Facts about the measles (MMR) vaccine
Measles is a highly contagious viral respiratory infection that is spread when someone comes in direct contact with infected droplets through the air, says James Cherry, MD, UCLA pediatric infectious diseases physician.
The first symptoms of measles are similar to other illnesses, which start with high fever, coughing and red, watery eyes for about four days before developing the telltale red rash that typically is raised and running together, beginning on the face and spreading to the neck and the rest of the body. Symptoms usually last for about 11 days. A person is contagious from when symptoms start until about four days after the rash appears.
There is no specific medical treatment for measles. A person infected with measles is advised to stay home, away from other people and from direct sunlight, and to rest and drink plenty of fluids and eat a normal diet. Two doses of vitamin A are recommended. The infected person should be closely watched since serious complications may arise, such as pneumonia, brain inflammation or death. Consult your physician as soon as you are aware or suspect that your child has been exposed to or has measles.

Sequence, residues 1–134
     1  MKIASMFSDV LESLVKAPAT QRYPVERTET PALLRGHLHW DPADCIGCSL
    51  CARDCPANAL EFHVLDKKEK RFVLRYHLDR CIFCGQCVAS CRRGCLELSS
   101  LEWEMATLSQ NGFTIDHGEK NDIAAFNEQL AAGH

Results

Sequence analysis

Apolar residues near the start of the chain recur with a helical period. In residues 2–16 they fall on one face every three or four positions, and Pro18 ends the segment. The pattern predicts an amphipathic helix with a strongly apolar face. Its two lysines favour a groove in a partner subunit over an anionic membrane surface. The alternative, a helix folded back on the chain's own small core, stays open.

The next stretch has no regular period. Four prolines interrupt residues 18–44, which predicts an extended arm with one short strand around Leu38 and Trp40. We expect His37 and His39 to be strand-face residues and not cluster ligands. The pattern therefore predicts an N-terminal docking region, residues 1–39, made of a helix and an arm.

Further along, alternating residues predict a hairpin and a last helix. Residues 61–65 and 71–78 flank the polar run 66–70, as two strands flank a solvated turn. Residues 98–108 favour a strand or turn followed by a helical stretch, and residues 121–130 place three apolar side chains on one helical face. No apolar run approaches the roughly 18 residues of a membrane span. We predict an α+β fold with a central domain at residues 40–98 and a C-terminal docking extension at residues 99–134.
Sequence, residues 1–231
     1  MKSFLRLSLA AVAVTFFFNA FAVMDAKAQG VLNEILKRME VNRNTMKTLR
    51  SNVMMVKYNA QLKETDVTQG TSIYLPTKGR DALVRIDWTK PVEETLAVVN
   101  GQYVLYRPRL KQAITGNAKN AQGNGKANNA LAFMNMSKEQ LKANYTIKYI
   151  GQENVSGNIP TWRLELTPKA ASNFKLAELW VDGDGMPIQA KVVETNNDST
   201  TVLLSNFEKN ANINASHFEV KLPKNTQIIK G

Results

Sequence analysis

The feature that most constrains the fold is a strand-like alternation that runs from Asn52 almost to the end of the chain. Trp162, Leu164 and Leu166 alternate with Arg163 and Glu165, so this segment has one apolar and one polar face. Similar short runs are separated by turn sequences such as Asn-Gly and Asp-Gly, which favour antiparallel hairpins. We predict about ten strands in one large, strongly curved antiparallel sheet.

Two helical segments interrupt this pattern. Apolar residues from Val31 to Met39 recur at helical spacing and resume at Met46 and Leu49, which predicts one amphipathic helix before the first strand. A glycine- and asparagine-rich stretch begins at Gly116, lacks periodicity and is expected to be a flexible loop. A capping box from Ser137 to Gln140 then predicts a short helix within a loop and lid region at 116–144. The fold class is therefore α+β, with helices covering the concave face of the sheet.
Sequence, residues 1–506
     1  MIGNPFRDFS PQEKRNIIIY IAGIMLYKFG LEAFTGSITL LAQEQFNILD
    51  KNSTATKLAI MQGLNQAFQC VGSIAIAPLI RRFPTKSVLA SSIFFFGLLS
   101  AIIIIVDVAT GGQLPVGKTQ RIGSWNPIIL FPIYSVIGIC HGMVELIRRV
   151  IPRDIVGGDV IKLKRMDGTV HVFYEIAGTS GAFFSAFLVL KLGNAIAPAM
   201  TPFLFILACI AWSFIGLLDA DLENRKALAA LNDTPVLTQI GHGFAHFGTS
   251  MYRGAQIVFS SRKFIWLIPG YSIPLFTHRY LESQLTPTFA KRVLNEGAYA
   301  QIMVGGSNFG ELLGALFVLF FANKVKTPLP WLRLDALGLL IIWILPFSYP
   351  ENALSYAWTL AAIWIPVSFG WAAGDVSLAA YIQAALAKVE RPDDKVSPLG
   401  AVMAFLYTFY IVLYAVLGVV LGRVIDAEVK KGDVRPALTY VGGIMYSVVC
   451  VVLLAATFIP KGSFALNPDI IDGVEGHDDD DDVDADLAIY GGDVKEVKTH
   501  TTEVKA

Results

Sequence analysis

Because measles was so prevalent before the introduction of a vaccine, the Centers for Disease Control (CDC) considers adults born prior to 1957 to be immune because of the likelihood they were exposed to the disease. Dr. Cherry advises that those born between 1947 and 1957 who do not have proof of immunity should be vaccinated per CDC guidelines, unless there is a medical contraindication to immunization. For all adults born in 1957 or later, the CDC recommends that they receive two doses of MMR vaccine.
If the family is planning to travel to an area with endemic/epidemic measles, one dose of MMR should be given to infants over 6 months of age and under 12 months. Travel with infants under 6 months of age should be carefully considered and, if possible, discussed with a pediatric travel physician.